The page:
EcoRI covers the No Trash Project! at the FUG.
The Fertile Underground in 1000 Words!
Take a look inside our Grocery's 4 walls with a virtual store tour
Great Photo Gallery of the New Urban Farmers
We Got Recipes!
That following week Michael broke ground on the greenhouse, digging a trench which would be the central passageway through the building-to-be. Michael and Nina were living with Gerry at the gold refinery while they found a new home in Providence, so in between working with Gerry in exchange for stay, he was walking back and forth to the garden, building foundations built with bricks that were lying around, and laying out the boards that would form the initial make up of the greenhouse.
It came time to raise the roof, and Michael put out the call for a group barn-raising on a Sunday afternoon. There were many preparations that were made before and during the day, but in the end it became a little too dark to actually place the roof that day. So it was called again for a week later. The roof was split into two sections to make it easier to handle, and although with a smaller group, the roof was lifted and placed, quickly secured in, and the four posts were kicked in beneath it in back, and small foundations were built around them.
With the roof up, Michael set to work framing in the remaining walls. Michael created a game for this project, the rules which were: recycled materials. He gathered wood from three substantial scrap piles: debris near the dumpster at the gold refinery, helping empty the downtown store Waste Not Want Not, and using some trim pieces that had been saved at Into the Wardrobe for many years. Gathering all this wood takes time, but it does not encourage the death of more trees. Michael developed the philosophy of a Crab, a “bottom-feeder,” who does not kill for his survival, but instead snatches meals that have recently passed, and sunk to the sea-floor. In this case, the boards are no longer a part of the money economy, maintaining no dollar value, but hold this greenhouse in place, and in fact have been cleverly organized into a quintessential shape, providing a controlled environment to shelter plants.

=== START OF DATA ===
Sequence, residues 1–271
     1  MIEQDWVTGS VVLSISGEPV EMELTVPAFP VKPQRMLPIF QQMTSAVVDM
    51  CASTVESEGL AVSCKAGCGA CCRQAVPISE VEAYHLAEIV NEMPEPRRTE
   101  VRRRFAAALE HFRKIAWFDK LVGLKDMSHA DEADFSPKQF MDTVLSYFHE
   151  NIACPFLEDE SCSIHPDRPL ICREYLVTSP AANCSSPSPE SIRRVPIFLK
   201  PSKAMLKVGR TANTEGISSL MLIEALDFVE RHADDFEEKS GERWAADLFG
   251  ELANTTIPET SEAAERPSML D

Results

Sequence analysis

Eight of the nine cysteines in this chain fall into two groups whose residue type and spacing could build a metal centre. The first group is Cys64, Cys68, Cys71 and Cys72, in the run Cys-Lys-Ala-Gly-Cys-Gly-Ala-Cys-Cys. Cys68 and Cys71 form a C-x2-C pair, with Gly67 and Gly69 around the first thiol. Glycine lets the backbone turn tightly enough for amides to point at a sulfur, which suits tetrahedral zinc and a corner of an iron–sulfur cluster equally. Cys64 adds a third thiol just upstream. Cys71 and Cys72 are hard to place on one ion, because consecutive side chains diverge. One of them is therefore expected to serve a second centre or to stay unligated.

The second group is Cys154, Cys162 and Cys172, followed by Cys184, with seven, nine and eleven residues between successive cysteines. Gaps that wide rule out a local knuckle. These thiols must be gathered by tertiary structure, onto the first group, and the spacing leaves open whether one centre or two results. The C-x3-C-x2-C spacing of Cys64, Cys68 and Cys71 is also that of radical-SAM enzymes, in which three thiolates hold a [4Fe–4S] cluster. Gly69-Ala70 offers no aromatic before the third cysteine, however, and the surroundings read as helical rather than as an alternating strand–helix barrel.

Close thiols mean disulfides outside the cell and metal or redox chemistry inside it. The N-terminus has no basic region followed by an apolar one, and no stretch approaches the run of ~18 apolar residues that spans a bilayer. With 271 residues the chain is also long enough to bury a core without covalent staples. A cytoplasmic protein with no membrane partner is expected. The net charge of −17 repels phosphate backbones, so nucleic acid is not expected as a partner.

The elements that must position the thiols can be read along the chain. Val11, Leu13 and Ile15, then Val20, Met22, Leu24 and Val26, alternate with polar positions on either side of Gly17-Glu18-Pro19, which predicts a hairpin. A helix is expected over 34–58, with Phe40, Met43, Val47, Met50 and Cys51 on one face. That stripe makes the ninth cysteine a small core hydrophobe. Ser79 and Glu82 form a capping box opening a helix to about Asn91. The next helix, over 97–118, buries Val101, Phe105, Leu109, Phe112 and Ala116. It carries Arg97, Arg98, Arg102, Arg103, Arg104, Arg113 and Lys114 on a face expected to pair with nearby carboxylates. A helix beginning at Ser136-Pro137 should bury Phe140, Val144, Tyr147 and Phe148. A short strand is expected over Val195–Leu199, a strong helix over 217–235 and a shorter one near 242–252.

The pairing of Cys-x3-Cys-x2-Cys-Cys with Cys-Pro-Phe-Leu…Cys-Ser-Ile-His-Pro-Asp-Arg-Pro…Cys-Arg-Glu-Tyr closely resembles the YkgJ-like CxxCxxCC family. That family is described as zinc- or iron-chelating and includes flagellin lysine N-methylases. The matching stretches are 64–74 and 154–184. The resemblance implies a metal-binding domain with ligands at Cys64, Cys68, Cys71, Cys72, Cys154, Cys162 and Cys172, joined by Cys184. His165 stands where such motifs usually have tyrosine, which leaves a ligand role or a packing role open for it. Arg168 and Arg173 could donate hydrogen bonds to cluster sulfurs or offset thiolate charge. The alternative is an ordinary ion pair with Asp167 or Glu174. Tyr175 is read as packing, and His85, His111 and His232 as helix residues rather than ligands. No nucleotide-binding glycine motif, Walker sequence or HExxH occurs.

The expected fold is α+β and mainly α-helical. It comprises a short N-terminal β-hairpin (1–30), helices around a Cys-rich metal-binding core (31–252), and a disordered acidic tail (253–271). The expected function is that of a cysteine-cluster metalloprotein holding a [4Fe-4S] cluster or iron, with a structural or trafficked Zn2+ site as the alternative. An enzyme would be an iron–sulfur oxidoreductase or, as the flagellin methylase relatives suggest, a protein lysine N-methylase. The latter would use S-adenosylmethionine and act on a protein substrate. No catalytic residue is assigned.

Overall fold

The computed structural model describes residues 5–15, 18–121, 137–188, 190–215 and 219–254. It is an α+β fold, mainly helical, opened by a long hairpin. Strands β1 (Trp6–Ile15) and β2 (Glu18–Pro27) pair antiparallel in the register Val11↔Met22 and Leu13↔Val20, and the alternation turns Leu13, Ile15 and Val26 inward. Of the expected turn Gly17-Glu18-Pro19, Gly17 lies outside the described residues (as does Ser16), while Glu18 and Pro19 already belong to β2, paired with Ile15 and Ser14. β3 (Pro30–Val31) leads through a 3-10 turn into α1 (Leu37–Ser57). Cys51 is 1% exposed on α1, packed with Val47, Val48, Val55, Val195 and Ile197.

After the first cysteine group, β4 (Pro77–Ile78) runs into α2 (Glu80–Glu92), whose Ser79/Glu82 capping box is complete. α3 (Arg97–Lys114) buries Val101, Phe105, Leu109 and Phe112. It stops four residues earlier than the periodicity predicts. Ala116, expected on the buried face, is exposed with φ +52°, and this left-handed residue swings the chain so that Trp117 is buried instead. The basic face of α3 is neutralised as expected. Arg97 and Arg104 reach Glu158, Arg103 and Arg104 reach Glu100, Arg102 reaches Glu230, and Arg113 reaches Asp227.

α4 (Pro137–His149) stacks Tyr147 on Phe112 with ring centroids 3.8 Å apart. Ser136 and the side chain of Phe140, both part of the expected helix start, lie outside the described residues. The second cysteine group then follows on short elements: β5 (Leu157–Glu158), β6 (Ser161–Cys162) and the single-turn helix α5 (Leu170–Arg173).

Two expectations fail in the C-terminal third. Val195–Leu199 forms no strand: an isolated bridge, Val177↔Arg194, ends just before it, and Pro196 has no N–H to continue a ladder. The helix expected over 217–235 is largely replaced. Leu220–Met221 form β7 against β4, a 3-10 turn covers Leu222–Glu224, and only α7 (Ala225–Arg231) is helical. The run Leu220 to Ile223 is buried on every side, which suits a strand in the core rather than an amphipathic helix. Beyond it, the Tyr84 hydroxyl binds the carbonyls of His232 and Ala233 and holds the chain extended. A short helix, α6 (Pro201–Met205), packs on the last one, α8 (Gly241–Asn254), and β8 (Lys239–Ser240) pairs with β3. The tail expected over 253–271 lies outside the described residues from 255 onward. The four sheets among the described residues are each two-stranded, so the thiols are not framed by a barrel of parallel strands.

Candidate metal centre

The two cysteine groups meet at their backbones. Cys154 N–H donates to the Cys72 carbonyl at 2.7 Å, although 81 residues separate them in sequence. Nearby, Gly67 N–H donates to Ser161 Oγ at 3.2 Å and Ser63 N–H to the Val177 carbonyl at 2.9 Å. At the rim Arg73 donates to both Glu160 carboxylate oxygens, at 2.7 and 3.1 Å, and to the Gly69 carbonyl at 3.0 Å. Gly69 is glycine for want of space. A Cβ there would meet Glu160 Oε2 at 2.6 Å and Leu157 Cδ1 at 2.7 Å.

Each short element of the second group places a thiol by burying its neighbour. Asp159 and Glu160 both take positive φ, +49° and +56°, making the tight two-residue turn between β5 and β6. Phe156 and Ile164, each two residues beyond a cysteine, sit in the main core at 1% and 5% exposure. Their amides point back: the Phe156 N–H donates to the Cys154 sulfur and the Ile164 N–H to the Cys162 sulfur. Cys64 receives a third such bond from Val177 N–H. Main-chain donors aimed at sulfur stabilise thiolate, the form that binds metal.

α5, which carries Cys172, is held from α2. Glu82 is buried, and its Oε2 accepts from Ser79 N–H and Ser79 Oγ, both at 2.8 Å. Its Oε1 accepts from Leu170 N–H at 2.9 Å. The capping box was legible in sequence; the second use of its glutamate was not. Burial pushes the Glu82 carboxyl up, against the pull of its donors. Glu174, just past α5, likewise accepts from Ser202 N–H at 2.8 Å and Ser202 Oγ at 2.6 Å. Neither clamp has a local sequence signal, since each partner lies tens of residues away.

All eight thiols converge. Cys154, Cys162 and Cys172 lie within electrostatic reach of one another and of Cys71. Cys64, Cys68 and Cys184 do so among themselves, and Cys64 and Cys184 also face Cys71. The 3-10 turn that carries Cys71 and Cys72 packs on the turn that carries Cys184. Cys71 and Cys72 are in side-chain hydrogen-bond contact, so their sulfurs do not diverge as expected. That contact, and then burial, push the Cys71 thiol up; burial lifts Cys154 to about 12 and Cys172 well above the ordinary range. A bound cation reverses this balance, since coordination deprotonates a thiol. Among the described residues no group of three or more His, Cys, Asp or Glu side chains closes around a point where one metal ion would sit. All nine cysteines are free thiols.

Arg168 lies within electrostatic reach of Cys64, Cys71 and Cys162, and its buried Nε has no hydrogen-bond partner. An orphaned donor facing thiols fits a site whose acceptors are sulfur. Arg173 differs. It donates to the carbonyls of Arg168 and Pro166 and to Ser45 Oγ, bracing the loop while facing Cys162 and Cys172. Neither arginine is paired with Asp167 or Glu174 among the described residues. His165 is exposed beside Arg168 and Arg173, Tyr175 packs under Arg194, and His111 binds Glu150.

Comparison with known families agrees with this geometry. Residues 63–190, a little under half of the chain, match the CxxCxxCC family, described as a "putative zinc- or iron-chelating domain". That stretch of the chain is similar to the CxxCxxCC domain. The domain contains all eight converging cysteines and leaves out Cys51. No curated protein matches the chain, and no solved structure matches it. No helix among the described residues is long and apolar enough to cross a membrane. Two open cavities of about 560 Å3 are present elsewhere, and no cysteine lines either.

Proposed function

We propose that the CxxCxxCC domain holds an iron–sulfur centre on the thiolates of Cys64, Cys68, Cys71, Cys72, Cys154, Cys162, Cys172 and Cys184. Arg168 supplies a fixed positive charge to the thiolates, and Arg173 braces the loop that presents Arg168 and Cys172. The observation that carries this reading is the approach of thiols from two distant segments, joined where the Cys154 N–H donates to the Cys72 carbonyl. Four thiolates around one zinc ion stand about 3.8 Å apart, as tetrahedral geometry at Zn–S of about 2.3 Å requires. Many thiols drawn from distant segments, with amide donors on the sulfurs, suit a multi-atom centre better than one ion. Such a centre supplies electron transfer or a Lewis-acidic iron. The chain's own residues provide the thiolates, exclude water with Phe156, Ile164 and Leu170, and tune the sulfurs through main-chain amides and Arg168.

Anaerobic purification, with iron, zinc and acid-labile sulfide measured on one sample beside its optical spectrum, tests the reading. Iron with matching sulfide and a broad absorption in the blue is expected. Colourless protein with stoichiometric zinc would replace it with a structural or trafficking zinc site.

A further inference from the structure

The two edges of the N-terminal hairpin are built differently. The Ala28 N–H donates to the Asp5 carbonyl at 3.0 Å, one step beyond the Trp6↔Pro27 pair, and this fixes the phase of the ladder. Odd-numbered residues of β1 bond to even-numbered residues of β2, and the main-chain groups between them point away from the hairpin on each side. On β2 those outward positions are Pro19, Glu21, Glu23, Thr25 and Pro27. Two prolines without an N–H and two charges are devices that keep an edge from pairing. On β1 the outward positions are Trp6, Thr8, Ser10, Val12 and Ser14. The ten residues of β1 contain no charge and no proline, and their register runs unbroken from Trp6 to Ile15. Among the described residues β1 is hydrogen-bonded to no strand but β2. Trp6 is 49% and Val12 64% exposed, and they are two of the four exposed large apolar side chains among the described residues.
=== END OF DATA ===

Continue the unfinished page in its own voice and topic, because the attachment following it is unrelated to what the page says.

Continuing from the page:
Fall 2009 was pleasantly warm, and provided many beautiful t-shirt days for Michael to carry out this work. Helping also to allow the manifestation was Trev, traveling from Connecticut to participate in this novel constructive process. As one well trained in seeing value where others see trash, Trev’s intellect blended seamlessly into the practical nature of what has been termed “Improvisational Carpentry.” These two found repeatedly “The Perfect Piece;” many of these scrap boards, once identified, may be lifted up, and happen to be the exact proper size, not even needing to undergo the “Raw Blade of Barry.” Respect for materials brings a magical connection with the creative process.
Working in rain, sun and snow, they hung the door on the Winter Solstice. Thereby sealing the largest hole, and effectively closing in the “Sunhouse,” which by now had grown into it’s proper name: the “Sheman Faktory.”
Throughout the Winter, Trev & Michael continued to seal up holes and refine the interior.
Michael also did an interview with EcoRI.org which generated a good buzz for the garden at that time. Fertile Underground entered 2010 with 7 huge raised beds, as the first Providence Community Garden with it’s own Greenhouse.